How the Dark Knight Became Dark Again

WARNER BROS. SUMMONED Tim Burton to a lunch meeting at the studio on a Friday afternoon in late July 1985. The young director was nearing a deal to direct Batman, but Warner's top executives wanted Uslan, the film's executive producer, to weigh in on their decision. Burton had been the last in a line of directors who the producers had courted over a few years, including Guy Hamilton (Goldfinger), Richard Rush (The Stunt Man), Joe Dante (Gremlins), and Ivan Reitman, whom the producers waited around a year for so he could finish Ghostbusters. Warner Bros. then fingered Burton, an up-and-comer with only a series of shorts to his credit.

Over three lunch meetings, Uslan loaned Burton a stack of comic books, including a photocopy of Batman #1, which introduced The Joker and Catwoman; Detective Comics #217, during which Robin goes to college, and Batman moves into a Gotham City penthouse to become a lone crusader; and #251, The Joker's reappearance as a much darker super-villain. "Just as important as what I gave him was what I kept away from him," Uslan says. "I didn't want him to see the campy and ridiculous stuff." Out of his personal collection, Uslan also shared with Burton his all-time favorite Batman story, from Detective Comics #439: "Night of the Stalker." It would become the basis for the opening scene of Burton's movie.

One night that week, in the screening room at the Academy of Motion Picture Arts and Sciences, Burton showed Uslan a final print of the film he was soon releasing, Pee Wee's Big Adventure. Uslan recalls that he'd never before seen such a marriage of direction and art direction in his life. He agreed with Warner Bros.: Burton was the right director.

A decade after Uslan and Melniker had first pitched their idea to Hollywood, Batman opened released on June 23, 1989, and broke the opening weekend box-office record. College students wearing Batman t-shirts staked out theaters for days in advance. People smashed the glass frames at bus stops for the film's iconic poster of a black bat inside of a gold oval. Pirated versions of the film's first, three-minute trailer were sold for $25 on bootlegged tapes in the black market and at Comic-Con.

The film's critical reception was mixed, but its success proved that audiences would respond favorably to serious comic-book superheroes. Director Joel Schumacher's subsequent films strayed from the noirish direction Burton had set—"the worst thing to do with a serious comic book is make it a cartoon," Akiva Goldsman, Batman & Robin's screenwriter, later admitted—but Christopher Nolan installed Batman back into a gritty place, filming on the streets of London and Chicago to create what the psychologist Langley refers to as a "post-9/11 allegory for how terror breaks down reassuring moral categories." (Uslan believes the mid-90s Batman films wandered too far from the story's core integrity "into the world of merchandising and toys.")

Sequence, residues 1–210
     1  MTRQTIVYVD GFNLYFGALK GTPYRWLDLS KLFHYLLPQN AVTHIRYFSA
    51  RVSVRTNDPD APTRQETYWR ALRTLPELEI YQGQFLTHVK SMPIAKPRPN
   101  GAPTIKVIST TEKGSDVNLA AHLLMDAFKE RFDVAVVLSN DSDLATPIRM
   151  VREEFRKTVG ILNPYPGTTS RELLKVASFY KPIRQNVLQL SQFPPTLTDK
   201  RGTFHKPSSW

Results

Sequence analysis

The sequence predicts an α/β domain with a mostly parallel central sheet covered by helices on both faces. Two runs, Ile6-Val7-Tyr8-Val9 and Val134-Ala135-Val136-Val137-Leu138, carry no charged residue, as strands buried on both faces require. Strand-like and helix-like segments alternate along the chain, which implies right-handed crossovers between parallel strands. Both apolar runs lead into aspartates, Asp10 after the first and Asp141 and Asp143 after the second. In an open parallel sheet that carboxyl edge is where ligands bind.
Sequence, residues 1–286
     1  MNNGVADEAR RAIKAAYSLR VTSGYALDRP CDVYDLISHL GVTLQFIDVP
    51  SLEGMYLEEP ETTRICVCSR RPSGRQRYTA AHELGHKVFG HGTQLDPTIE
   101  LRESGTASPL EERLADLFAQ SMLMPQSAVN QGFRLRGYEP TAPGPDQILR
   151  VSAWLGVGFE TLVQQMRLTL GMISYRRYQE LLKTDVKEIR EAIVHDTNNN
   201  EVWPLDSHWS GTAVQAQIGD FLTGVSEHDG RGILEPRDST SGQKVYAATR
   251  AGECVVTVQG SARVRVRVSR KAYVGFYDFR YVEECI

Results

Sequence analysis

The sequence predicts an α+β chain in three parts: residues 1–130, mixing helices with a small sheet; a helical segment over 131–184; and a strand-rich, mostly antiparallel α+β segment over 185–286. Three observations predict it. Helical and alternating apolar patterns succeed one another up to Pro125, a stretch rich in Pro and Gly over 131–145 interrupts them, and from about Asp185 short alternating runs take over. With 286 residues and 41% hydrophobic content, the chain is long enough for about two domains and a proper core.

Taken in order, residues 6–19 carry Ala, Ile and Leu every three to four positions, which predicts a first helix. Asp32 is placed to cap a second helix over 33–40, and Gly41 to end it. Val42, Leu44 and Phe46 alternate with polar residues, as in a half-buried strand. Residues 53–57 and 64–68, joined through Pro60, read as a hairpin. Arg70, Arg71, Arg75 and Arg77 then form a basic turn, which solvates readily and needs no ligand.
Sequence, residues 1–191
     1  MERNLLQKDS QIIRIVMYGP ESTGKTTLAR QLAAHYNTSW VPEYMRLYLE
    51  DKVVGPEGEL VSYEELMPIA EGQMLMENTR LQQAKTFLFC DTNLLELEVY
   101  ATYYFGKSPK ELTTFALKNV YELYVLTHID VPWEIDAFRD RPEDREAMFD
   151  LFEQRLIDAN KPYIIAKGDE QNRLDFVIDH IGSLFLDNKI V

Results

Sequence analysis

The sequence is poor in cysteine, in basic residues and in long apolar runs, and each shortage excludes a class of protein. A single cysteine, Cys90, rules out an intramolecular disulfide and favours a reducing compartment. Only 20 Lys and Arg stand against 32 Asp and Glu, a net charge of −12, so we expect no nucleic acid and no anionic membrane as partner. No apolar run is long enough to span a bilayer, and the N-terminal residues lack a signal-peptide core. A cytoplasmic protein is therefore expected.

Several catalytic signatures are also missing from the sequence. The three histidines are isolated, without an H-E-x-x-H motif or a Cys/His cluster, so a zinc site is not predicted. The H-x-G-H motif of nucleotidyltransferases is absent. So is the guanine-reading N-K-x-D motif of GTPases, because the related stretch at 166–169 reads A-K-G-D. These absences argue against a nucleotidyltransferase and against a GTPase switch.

Batman is still just fictional, but after 73 years since debuting in Detective Comics #27, and appearing in blockbuster films, live action television shows, radio dramas, animated movies, toys, video games, licensed merchandise, theme park attractions, and a touring stage show, the character exists now in a kind of reality shared by folk legends and deities, like a fanboy's Krishna. "I realized that I had been thinking of my job as producing fiction for a publishing backwater—comic books—and that I was wrong: my job was being in charge of postindustrial folklore," writes longtime Batman comics editor Dennis O'Neil in Langley's new book, Batman and Psychology. "Batman...had been around so long, in so many media, that [he was] embedded in our collective psyches."

The success of films based on comic-book heroes and graphic novels has animated Hollywood. In 2009, Disney bought Marvel, and each year, studios sends scouts to Comic-Con with hopes of discovering the next Men in Black or The Mask—that next mythic hero. Uslan fears that this optioning frenzy lacks discernment for good characters or unique stories, the underlying basis of a lasting franchise. Hollywood's missing the point. "The [Dark Knight's] stunning success does not mean that all comic book superhero films must be dark, gritty and violent, and set in contemporary times," he writes. "But that's exactly what the industry people are claiming."

Not long after Burton's Batman was released, executives at Marvel Comics invited Uslan to lunch. They wanted to thank him for a 20 percent increase in sales, which they credited to the film sparking public interest again in comic books and graphic novels.

Uslan received another congratulatory phone call, from an executive at United Artists. It was the Robin and Marian guy, the one who predicted that a dark and serious Batman would surely bomb.

"Michael," Uslan recalls him saying, "I always thought you were a visionary."

Presented by

Andy Isaacson is a Berkeley-based writer and photographer. His work has appeared in The New York Times, Wired, and The New Yorker.

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